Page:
With an iconic skyline and several jaw-dropping feats of architecture, London is something of a work of art in its own right, and taking a stroll around the streets of the capital can often feel like wondering through an art gallery.
However, by exploring the so-called Square Mile, visitors really can experience some groundbreaking works of art created by some of the most renowned artists on the planet, thanks to the Sculpture in the City project.
Launched by the City Arts Initiative back in June of last year, this is the third edition of the programme and will be coming to an end on May 20th, so anyone who wants to catch a glimpse of these quirky yet stunning masterpieces on London's streets is running out of time to do so.
There are nine sculptures to look out for across the City of London, with one of the most striking being Jake and Dinos Chapman's The Good, The Bad and The Ugly.
Located just outside the Gherkin, at 30 St Mary Axe, this installation consists of three enormous steel dinosaurs – not the sort of thing you would normally expect to see in the financial district of one of the world's most important cities.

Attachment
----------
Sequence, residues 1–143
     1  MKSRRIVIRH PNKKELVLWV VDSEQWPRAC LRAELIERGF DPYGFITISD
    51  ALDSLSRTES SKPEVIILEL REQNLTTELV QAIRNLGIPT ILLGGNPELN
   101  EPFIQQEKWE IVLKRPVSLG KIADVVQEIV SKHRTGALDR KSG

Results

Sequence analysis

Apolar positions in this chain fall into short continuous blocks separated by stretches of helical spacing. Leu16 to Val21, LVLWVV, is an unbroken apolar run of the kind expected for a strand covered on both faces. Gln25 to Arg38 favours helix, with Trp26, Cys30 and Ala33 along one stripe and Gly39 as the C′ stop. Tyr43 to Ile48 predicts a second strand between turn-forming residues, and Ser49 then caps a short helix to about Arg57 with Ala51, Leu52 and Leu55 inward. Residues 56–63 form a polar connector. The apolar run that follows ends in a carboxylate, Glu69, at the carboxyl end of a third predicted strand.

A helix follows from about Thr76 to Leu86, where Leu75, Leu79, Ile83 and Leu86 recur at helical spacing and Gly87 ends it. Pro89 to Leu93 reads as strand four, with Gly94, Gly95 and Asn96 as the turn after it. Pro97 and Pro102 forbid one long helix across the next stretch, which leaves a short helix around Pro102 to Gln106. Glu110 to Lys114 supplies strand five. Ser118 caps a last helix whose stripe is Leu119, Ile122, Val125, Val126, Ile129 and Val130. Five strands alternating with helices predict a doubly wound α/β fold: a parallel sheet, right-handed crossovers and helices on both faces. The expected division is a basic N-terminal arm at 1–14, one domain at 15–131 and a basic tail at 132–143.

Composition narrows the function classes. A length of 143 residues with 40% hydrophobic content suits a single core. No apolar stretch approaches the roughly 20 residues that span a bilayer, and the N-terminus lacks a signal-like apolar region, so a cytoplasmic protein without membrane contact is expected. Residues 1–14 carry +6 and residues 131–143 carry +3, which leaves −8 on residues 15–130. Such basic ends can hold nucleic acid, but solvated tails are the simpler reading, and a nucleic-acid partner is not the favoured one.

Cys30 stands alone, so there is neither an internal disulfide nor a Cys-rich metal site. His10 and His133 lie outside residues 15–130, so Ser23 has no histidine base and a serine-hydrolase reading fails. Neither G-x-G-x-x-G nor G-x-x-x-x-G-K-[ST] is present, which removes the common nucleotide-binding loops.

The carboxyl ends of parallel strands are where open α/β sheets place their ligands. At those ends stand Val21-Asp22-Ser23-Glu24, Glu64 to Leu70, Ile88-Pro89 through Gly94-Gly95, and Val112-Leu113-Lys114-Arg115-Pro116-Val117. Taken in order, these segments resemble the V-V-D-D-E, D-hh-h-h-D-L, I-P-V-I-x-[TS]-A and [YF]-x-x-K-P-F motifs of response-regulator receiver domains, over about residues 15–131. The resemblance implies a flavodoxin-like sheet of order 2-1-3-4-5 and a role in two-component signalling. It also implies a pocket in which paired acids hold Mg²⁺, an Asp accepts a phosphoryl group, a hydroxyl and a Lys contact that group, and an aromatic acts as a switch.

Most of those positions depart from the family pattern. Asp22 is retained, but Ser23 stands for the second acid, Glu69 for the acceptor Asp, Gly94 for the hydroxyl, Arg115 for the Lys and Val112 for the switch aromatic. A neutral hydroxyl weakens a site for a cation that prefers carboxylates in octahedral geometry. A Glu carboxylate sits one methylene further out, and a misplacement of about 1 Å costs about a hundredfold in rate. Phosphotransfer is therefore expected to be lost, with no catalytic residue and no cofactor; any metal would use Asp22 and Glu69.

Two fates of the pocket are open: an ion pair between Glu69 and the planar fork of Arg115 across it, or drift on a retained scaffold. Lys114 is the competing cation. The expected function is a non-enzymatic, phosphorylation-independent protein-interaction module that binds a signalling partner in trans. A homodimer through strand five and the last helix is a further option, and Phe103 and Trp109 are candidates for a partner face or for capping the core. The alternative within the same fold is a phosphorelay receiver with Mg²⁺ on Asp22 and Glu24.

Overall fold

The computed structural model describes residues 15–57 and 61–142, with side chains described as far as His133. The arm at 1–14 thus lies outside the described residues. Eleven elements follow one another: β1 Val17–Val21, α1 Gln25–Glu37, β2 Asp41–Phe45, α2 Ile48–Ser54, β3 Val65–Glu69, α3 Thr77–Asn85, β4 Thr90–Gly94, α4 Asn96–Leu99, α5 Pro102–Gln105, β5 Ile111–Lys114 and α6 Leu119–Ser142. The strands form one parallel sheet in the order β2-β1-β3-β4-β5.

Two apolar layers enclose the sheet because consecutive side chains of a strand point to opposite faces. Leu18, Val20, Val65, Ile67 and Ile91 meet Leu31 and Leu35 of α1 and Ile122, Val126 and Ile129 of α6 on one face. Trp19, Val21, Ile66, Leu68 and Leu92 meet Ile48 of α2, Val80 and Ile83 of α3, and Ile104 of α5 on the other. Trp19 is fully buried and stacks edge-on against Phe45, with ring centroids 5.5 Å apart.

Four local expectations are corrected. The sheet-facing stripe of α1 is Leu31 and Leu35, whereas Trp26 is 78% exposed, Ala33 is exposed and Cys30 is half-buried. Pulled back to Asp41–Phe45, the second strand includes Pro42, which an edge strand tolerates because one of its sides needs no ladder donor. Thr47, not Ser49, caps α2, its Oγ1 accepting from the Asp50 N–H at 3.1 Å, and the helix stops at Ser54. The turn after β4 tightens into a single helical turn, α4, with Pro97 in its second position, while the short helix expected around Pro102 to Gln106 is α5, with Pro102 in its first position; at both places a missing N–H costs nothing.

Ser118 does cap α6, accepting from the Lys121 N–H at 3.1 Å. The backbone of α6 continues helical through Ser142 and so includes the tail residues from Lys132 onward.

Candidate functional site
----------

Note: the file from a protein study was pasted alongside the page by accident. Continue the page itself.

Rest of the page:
Elsewhere, Robert Indiana's creation, entitled ONE THROUGH ZERO (THE TEN NUMBERS) can be found on Lime Street, which is just off Fenchurch Street, and consists of ten giant, brightly coloured numbers, with each one carrying its own meaning.
The number one, for example, represents birth, while each ascending number then standing for the journey we all take through life, ending with zero, which is the embodiment of death.
Other sculptures can be found all over the Square Mile, with the highest concentration being located on Undershaft, which is just off Queen Mary Axe. London's financial district is just a 15-minute tube ride from the Montcalm Hotel on the Central Line.